Compartment Syndrome. Compartment syndrome occurs when pressure within the muscle compartment builds up to dangerous levels and blocks circulation to the cells. Within the muscle compartment, swelling and/or bleeding creates pressure on capillaries and nerves. The capillaries collapse when the pressure in the compartment becomes greater than the blood pressure within the capillaries, and this disrupts blood flow to muscle and nerve cells in the area. Without a steady supply of oxygen and nutrients, nerve and muscle cells begin to die within hours. Unless the pressure is relieved quickly, compartment syndrome can cause permanent disability or death.
Compartment syndrome can be caused by a traumatic injury, such as a fracture of one of the long bones in the body. It can also have other causes, such as a badly bruised muscle, complications after surgery, a crush injury, or anabolic steroid use. Compartment syndrome can affect muscle groups in the arms, hands, legs, feet, and buttocks because they are covered by fibrous membranes that do not readily expand.
The classic sign of compartment syndrome is pain, especially when the muscle is stretched. Other signs and symptoms of compartment syndrome may include:
Acute compartment syndrome is a medical emergency. Place the patient in the rapid transport category.
Blast Injuries. Blast injuries occur when heat and pressure waves generated by an explosion strike and pass through the body’s surfaces. These waves can also throw debris (shrapnel) against a patient, or throw the patient’s body against other objects (causing injuries similar to those sustained in a fall from a height). Blasts release large amounts of energy in the form of pressure and heat. Injuries can include thermal burns (including inhalation burns), loss of hearing, pneumothorax, internal bleeding, and organ damage. Pressure waves are especially likely to damage hollow structures in the body, such as the lungs, sinuses, and GI tract.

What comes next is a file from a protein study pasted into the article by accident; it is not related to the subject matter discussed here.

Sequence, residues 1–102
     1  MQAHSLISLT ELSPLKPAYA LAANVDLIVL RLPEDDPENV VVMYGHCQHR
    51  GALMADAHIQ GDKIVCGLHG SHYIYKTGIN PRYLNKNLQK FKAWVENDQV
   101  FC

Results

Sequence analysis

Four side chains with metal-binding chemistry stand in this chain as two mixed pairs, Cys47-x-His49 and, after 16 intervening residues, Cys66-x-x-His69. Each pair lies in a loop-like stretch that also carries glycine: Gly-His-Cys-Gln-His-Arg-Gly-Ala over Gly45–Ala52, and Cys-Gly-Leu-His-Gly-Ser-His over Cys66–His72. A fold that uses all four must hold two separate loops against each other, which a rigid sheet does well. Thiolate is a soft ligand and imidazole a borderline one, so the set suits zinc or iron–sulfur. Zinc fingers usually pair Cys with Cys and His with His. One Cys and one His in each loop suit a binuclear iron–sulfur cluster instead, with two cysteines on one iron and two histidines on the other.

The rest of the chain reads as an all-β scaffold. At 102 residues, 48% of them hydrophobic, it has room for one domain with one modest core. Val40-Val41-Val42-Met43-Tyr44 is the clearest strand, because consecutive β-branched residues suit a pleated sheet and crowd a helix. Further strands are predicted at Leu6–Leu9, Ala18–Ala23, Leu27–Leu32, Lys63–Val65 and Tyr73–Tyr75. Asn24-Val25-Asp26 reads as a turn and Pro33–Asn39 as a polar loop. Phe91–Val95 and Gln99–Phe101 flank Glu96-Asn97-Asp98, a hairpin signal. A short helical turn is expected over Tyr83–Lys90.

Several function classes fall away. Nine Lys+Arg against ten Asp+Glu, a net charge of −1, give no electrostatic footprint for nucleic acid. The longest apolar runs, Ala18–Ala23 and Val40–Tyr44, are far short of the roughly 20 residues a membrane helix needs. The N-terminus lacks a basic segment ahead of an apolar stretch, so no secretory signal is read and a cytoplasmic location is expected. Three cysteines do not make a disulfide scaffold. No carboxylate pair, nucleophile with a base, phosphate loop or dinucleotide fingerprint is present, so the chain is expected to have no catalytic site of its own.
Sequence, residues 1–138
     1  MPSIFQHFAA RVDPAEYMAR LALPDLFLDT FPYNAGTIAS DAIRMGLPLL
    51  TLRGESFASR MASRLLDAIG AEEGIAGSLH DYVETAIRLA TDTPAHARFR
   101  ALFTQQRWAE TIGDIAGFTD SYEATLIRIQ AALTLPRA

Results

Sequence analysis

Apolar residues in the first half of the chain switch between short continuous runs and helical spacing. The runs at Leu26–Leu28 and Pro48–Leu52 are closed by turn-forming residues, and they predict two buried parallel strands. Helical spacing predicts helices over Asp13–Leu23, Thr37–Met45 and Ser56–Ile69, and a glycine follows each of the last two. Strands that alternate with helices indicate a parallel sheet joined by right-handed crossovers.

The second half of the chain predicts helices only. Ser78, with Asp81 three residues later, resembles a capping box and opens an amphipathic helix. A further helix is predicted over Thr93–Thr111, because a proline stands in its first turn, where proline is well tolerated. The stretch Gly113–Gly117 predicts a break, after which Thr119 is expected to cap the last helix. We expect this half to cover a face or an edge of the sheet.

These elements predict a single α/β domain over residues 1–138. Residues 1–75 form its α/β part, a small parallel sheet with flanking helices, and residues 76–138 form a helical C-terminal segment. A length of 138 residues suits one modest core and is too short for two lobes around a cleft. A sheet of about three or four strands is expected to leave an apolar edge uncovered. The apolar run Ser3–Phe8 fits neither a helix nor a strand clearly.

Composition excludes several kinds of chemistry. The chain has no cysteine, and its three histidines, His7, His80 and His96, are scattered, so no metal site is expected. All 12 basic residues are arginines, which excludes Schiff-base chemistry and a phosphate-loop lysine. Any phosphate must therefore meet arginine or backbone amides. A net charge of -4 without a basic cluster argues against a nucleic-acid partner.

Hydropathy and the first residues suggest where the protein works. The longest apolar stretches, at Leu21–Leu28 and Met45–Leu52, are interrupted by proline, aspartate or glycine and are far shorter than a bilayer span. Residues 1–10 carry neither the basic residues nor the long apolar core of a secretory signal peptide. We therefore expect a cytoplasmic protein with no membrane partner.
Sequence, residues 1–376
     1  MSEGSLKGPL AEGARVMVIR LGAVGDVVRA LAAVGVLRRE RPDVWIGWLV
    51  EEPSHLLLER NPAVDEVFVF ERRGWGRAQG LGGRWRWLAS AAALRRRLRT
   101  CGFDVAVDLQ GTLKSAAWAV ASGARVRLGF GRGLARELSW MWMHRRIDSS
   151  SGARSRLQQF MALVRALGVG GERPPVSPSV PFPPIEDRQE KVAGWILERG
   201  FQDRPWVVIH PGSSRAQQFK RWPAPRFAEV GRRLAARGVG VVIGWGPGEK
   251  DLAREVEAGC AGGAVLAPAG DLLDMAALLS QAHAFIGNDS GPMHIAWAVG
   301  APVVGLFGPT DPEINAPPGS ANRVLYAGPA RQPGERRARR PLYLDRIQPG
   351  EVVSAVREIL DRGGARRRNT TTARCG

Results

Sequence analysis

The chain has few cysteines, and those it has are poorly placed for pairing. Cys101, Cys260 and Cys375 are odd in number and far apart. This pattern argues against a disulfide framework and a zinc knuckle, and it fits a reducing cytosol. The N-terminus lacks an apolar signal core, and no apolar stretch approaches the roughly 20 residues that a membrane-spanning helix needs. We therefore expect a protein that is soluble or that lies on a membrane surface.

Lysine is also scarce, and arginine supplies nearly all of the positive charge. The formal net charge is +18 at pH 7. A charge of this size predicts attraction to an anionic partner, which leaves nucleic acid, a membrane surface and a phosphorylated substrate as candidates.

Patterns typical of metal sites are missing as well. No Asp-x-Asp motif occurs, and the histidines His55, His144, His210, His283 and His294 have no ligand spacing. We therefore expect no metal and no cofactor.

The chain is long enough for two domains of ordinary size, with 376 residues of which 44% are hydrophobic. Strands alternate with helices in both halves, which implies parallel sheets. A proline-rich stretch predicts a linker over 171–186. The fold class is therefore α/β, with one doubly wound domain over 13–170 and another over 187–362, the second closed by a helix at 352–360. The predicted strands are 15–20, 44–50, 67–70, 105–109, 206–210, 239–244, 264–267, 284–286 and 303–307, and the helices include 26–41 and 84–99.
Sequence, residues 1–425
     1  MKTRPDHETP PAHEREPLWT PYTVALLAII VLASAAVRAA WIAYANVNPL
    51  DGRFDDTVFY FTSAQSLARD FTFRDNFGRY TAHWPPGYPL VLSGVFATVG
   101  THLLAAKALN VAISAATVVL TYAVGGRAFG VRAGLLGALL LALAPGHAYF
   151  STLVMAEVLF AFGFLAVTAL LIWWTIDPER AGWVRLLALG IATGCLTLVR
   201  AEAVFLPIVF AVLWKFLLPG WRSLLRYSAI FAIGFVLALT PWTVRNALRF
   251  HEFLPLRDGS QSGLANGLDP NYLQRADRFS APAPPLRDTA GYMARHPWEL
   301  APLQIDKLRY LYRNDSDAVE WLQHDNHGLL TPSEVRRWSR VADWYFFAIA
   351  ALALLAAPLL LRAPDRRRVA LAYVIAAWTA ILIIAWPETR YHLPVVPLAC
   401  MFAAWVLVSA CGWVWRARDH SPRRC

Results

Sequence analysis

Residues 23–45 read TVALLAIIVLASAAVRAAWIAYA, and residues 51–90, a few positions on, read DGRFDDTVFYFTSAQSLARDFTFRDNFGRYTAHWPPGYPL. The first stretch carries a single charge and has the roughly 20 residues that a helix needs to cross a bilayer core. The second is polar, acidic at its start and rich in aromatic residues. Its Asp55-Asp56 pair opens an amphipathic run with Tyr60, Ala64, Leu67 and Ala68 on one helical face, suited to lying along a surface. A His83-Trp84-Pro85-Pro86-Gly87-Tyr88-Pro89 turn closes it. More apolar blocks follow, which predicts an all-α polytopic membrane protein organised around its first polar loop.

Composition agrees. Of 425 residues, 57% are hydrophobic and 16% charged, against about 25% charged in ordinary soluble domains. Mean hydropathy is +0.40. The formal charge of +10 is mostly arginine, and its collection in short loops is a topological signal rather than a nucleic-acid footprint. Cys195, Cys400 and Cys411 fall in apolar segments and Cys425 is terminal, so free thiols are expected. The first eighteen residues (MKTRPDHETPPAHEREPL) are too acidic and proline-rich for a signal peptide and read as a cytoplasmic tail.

The extent of blast injuries may be difficult to identify because sometimes there are no visible external injuries, and indicators of internal injuries may not be apparent. Any patient with suspected blast injuries should be placed in the rapid transport category.
High-Pressure Injection (HPI) Injuries. High-pressure injection (HPI) injuries occur when a substance is injected into the body under high pressure. This usually occurs in workplace settings and involves a tool such as a grease gun or pressure washer. The injected substance may be paint, oil, water, grease, or even air.
The only visible sign of injury may be a small puncture wound on the hand, which may be overlooked, but the damage to internal tissues can be significant. If the mechanism of injury suggests an HPI (for example, if the patient was injured while using a paint gun), you should suspect additional internal injuries. Immediate surgical interventions are often necessary.